John Vernou Bouvier III

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John Vernou Bouvier III
Black Jack Bouvier.jpg
Born(1891-05-19)May 19, 1891
DiedAugust 3, 1957(1957-08-03) (aged 66)
Resting placeMost Holy Trinity Catholic Cemetery
Other namesBlack Jack Bouvier
Alma materColumbia College
Sheffield Scientific School (BA)
Known forFather of First Lady Jacqueline Kennedy Onassis
(m. 1928; div. 1940)
ChildrenJacqueline Kennedy Onassis
Lee Radziwill
RelativesJohn Vernou Bouvier Jr. (father)
Edith Ewing Bouvier Beale (sister)
Edith Bouvier Beale (niece)
Phelan Beale, Jr. (nephew)
Bouvier Beale (nephew)

John Vernou "Black Jack" Bouvier III (/ˈbvi/ BOO-VEE-AY; May 19, 1891 – August 3, 1957) was an American Wall Street stockbroker and socialite. He was the father of First Lady Jacqueline Kennedy Onassis and of socialite Lee Radziwill, and was the father-in-law of John F. Kennedy.

Early life and education[edit]

John Vernou Bouvier III was born in East Hampton, New York. His nickname, "Black Jack", referred to his perpetually dark-tanned skin and his flamboyant lifestyle.[1][2]

Bouvier's great-grandfather, Michel Bouvier, was a French cabinetmaker from Pont-Saint-Esprit, in the southern Provence region. Michel immigrated to Philadelphia in 1815 after fighting in the Napoleonic Wars, worked for Joseph Bonaparte, married, was widowed, and then married Louise Clifford Vernou. [3][4]

In addition to crafting fine furniture, Michel Bouvier had a business distributing firewood. To support that business, he acquired large tracts of forested land, some of which contained a large reserve of coal. Michel further grew his fortune in real estate speculation. His sons, Eustes, Michel Charles (M.C.), and John V. Bouvier Sr., distinguished themselves in the world of finance on Wall Street. They left their fortunes to their only remaining male Bouvier heir, Major John Vernou Bouvier Jr., who used some of the money to buy an estate known as Lasata in East Hampton, Long Island.[4]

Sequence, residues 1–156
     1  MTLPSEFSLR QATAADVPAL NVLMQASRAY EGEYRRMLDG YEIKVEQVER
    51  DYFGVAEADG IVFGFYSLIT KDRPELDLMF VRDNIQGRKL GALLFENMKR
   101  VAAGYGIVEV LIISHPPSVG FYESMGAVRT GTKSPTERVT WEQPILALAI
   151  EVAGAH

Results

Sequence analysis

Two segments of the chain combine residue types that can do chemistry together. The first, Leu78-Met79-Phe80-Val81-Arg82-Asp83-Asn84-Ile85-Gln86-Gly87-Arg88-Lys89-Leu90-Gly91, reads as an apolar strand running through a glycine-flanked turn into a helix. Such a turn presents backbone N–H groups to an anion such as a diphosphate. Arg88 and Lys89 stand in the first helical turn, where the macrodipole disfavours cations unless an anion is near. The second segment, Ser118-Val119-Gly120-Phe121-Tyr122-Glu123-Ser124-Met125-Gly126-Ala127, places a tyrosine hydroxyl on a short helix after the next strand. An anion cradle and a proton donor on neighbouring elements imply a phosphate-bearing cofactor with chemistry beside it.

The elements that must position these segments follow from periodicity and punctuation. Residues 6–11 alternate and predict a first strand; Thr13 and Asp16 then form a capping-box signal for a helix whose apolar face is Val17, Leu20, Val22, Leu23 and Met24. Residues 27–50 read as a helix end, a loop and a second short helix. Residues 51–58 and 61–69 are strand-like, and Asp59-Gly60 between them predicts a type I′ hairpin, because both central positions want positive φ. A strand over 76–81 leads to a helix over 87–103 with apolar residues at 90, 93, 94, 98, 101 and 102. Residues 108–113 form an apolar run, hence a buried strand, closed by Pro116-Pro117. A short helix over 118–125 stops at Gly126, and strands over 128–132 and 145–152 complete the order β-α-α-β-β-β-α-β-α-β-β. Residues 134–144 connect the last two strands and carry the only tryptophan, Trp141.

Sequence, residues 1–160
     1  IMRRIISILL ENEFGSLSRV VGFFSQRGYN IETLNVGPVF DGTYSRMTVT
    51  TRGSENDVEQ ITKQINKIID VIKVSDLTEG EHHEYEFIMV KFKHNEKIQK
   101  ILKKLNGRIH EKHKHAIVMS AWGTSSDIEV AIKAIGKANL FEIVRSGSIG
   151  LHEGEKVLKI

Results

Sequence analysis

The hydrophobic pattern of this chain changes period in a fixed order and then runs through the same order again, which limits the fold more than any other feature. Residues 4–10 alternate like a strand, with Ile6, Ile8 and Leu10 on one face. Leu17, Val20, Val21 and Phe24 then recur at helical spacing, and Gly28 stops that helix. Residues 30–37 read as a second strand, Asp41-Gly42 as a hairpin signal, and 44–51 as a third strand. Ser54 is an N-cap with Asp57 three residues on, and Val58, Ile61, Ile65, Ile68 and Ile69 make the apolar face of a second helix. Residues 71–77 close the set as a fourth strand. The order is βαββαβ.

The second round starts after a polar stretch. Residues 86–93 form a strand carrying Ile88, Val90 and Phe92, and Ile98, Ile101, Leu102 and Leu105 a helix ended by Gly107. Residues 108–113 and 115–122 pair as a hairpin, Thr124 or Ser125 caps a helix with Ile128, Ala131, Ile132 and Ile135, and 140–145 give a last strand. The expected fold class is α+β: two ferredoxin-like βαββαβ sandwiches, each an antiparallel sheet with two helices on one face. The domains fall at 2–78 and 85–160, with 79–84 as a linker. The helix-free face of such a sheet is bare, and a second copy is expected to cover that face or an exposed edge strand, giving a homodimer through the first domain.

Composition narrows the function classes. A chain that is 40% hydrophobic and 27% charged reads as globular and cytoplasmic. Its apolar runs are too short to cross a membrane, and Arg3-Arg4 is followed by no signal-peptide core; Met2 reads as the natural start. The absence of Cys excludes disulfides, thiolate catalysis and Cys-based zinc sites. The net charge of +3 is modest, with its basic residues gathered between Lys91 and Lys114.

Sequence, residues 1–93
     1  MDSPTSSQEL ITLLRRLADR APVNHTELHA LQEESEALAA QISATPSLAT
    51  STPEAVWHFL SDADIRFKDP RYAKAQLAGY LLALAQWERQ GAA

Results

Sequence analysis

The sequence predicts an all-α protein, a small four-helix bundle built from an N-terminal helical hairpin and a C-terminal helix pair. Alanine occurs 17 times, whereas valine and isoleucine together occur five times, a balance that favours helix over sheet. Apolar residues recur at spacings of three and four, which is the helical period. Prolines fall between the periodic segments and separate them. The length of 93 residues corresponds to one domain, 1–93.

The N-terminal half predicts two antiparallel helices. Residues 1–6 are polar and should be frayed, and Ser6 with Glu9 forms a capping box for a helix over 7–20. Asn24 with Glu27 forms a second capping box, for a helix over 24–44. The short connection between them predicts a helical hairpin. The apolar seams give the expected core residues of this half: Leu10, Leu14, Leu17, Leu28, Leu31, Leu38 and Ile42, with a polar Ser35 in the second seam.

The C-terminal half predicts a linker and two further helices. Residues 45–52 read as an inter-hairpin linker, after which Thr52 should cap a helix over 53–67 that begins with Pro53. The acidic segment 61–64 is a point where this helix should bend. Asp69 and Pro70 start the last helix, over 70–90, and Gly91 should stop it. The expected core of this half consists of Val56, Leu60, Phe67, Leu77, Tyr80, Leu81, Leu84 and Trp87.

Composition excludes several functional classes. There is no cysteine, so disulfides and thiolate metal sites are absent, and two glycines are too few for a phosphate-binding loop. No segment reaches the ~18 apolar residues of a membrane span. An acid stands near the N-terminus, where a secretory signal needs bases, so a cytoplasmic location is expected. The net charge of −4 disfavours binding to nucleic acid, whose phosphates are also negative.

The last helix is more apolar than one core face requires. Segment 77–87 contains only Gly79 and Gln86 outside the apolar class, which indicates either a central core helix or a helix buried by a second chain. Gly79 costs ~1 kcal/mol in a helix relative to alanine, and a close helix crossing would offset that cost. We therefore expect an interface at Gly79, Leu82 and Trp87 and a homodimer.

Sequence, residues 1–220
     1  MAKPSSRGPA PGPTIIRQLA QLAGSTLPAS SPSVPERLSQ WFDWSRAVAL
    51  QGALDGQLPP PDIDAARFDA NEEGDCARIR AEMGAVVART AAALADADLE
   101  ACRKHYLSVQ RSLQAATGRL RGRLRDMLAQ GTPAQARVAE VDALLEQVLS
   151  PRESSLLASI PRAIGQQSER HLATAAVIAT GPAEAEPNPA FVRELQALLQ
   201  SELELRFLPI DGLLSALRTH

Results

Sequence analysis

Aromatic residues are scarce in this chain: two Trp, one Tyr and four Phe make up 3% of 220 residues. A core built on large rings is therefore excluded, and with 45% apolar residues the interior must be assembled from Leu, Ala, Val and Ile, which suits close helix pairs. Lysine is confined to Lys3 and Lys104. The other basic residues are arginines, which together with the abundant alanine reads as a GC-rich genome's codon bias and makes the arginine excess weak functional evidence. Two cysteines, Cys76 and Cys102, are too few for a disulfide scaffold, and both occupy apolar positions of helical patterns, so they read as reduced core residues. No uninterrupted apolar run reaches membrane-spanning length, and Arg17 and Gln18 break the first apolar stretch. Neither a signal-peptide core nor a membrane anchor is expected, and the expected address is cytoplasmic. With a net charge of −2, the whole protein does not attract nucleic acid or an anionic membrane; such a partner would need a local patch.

Major John Vernou Bouvier, Jr. (born 1866), a successful attorney, and Maude Frances Sergeant (born 1869)[5] had five children, of whom John Vernou Bouvier III was the eldest. Their other children were William Sergeant "Bud" Bouvier, who was born in 1893 and died from alcoholism in 1929; Edith Ewing Bouvier Beale, who was born in 1895 and became the wife of Phelan Beale, Sr. and the mother of Edith Bouvier Beale, Phelan Beale, Jr., and Bouvier Beale; and twins Maude Reppelin Bouvier Davis and Michelle Caroline Bouvier Scott Putnam (born 1905).[6][7][8]

John Vernou Bouvier III attended Philips Exeter Academy and Columbia Grammar & Preparatory School. He then studied at Columbia College, his father's alma mater, where he played tennis for two years before transferring to the Sheffield Scientific School at Yale University.[9][10] While attending Yale, he was a member of the Book and Snake secret society and the Cloister Club. He graduated in 1914.[11][4]

Career and military service[edit]

Upon his graduation, he went to work as a stockbroker at his father and uncle's firm: Bouvier, Bouvier & Bouvier. In 1917, he left the firm to join the United States Navy. When the Navy proved to be too strenuous[citation needed], he transferred to the United States Army, where he served as a major. Bouvier was discharged in 1919, whereupon he went back to work as a stockbroker on Wall Street.[4]

Personal life[edit]

Bouvier married Janet Norton Lee, the daughter of real estate developer James T. Lee, on July 7, 1928, at St. Philomena's Church in East Hampton. They had two daughters, Jacqueline Lee "Jackie" Bouvier (1929–1994) and Caroline Lee Bouvier (1933–2019).[12] Bouvier's drinking, gambling, and philandering led to the couple's divorce in June 1940.[13] Bouvier never remarried.